And as touching this foregoing Petition, it is first Recorded in the Original Journal-Book of the Upper House, to have been made de an. 28 H. 8. by Richard Rich, the then Speaker; and in a like Journal-Book de an. 31 H. 8. by Thomas Moyle the Speaker in that Parliament, and the same course hath been constantly observed by all the Speakers since, of whose Speeches there is any good memorial remaining.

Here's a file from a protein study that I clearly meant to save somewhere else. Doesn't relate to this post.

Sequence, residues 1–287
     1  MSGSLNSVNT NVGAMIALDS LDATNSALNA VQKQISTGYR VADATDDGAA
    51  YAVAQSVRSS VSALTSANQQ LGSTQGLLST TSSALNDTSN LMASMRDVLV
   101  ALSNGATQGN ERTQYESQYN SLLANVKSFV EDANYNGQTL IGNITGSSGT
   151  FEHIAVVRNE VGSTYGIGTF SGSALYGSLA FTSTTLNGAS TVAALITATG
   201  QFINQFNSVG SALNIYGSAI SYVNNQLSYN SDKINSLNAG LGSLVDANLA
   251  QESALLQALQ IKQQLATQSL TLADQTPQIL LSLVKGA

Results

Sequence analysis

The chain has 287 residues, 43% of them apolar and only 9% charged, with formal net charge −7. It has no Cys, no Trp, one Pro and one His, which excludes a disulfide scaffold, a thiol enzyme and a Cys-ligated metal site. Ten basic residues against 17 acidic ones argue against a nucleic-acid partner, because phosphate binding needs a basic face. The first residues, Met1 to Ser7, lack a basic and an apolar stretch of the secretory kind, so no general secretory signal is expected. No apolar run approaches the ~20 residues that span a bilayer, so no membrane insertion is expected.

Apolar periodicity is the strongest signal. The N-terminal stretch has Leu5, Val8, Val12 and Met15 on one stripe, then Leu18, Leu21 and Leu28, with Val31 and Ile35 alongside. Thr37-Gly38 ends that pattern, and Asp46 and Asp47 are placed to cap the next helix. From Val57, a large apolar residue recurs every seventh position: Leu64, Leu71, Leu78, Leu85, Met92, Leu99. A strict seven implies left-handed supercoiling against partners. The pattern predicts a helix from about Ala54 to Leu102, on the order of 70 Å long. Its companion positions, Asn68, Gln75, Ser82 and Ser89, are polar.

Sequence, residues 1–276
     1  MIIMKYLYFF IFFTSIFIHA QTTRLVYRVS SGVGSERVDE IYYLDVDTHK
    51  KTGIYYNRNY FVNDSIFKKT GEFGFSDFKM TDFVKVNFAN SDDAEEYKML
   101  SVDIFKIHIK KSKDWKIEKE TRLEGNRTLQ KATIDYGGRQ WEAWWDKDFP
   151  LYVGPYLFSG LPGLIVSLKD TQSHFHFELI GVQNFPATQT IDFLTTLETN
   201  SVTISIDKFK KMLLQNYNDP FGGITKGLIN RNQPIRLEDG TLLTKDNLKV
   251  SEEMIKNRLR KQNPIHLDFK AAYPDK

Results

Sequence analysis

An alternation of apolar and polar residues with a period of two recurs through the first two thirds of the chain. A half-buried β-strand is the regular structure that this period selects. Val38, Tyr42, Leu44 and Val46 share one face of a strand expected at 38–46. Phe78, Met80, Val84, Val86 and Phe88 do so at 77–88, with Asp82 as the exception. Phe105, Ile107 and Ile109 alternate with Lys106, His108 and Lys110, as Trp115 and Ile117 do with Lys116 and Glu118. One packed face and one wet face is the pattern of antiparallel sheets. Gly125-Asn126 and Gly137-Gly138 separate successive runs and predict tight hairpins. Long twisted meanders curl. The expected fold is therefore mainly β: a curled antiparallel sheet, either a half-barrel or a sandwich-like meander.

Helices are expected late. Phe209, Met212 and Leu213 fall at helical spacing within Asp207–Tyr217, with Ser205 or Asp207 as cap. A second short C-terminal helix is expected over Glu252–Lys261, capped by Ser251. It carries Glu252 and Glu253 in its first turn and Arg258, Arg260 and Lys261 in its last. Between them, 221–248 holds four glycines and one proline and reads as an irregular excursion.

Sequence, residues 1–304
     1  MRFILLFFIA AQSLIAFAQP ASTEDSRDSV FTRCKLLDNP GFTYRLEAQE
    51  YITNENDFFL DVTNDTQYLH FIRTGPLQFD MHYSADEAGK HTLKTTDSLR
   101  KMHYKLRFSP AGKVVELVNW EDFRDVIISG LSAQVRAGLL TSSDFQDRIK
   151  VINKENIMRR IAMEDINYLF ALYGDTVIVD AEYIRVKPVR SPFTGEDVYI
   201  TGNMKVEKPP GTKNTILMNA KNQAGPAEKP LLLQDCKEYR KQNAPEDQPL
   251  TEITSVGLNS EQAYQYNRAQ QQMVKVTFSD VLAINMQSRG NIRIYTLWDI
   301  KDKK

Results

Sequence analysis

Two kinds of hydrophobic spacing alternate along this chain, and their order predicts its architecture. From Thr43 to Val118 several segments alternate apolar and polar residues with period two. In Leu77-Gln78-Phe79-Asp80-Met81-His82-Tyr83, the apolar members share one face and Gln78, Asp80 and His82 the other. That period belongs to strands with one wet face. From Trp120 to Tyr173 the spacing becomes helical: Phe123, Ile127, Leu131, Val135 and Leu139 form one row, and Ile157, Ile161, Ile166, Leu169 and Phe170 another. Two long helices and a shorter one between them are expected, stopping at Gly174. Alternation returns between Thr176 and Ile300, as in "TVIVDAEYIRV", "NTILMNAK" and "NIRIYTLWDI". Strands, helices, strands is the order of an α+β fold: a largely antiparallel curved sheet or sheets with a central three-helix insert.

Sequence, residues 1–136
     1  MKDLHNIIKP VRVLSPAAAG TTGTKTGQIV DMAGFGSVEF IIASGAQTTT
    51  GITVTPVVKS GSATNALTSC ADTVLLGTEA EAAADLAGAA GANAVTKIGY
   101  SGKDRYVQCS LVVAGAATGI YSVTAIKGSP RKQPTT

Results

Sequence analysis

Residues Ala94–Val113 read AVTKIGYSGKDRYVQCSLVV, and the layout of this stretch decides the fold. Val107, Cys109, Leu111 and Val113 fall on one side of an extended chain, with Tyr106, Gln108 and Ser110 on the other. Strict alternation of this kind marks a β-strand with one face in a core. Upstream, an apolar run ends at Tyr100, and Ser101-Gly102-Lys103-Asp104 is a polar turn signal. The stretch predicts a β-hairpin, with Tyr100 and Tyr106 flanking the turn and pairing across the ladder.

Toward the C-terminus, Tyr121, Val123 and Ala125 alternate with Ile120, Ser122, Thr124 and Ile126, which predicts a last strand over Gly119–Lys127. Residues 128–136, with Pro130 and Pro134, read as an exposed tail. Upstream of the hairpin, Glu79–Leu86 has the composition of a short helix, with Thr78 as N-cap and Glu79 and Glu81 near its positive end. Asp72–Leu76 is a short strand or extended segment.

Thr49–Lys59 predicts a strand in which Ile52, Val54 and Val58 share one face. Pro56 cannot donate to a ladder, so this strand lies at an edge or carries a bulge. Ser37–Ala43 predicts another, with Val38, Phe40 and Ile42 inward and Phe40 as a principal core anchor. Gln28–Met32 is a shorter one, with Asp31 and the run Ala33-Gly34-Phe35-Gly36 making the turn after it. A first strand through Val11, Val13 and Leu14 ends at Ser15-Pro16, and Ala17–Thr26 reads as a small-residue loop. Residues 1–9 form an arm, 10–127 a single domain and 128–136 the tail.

And as touching the second Petition, which the said Sir Thomas Gargrave made unto her Majesty in the name of the House of Commons for freedom of Speech; there is no Record that it was ever Petitioned for, until in the Original Journal-Book of the Upper House, de an. 33 H. 8. it is entred to have been made by Thomas Moyle the then Speaker, yet was it never denied them before; for the said Commons would never suffer any uncomely Speeches to pass of private men in their House, much less of the King, or any of the Lords; and in Ed. 3. his time, who was an absolute Prince, and beloved of his People, the Commons themselves did oftentimes discuss, and debate many things concerning the Kings Prerogative, and agreed upon Petitions, for Laws to be made, directly against his Prerogative; as may appear by divers of the said Petitions: yet they were never interrupted in their consultations, nor received any check for the same; as may appear by the very Answers to their Petitions. The Presidents in the two succeeding Kings times, are not of so good a stamp, as those of Ed. 3. because R. 2. was much over-ruled in his young Years, and H. 4. was an Usurper, and so was compelled to seek for the love of his Subjects: yet was there one passage in his Reign, which proved him a most wise and just King, after he had attained the Crown. For in Rot. Parl. de an. 2 H. 4. n. 11. the Commons Petitioned the King, that he would not suffer any report to be made unto him, of any matters, either moved, or debated amongst them, until they be concluded, nor give them any credit; whereunto the King assented: and for the freedom of Speech, which the Commons enjoyed in succeeding times, the Presidents are so frequent, as they need no further vouching. And it is very well worthy the Observation, that whereas in the Session of Parliament de an. 8 Regin. Eliz. when Richard Onslow Esq; her Majesties Sollicitor, was Elected and allowed Speaker, by reason of the Death of Thomas Williams Esq;, who had been Speaker in the Session de an. 5. Regin. Eliz. and did Decease in the interim of the several Prorogations between the said two Sessions, the said Richard Onslow did, upon his Presentment to her Majesty, and allowance by her, only desire in the name of the House of Commons, free access to her Majesty; and did, either ignorantly, or wittingly, omit to make those two other Petitions on their behalf, for freedom of Speech, and freedom from Arrests and Suits; yet in the said Session, de an. 8 Regin. Eliz. the House of Commons, falling upon that great business of her Majesties Declaration of a Successor, did use greater liberty of Speech, than they had done, or did before or after in any other Parliament, during her Majesties Reign, when the said Speakers did most precisely desire the allowance of the said priviledge of freedom of Speech from her Majesty.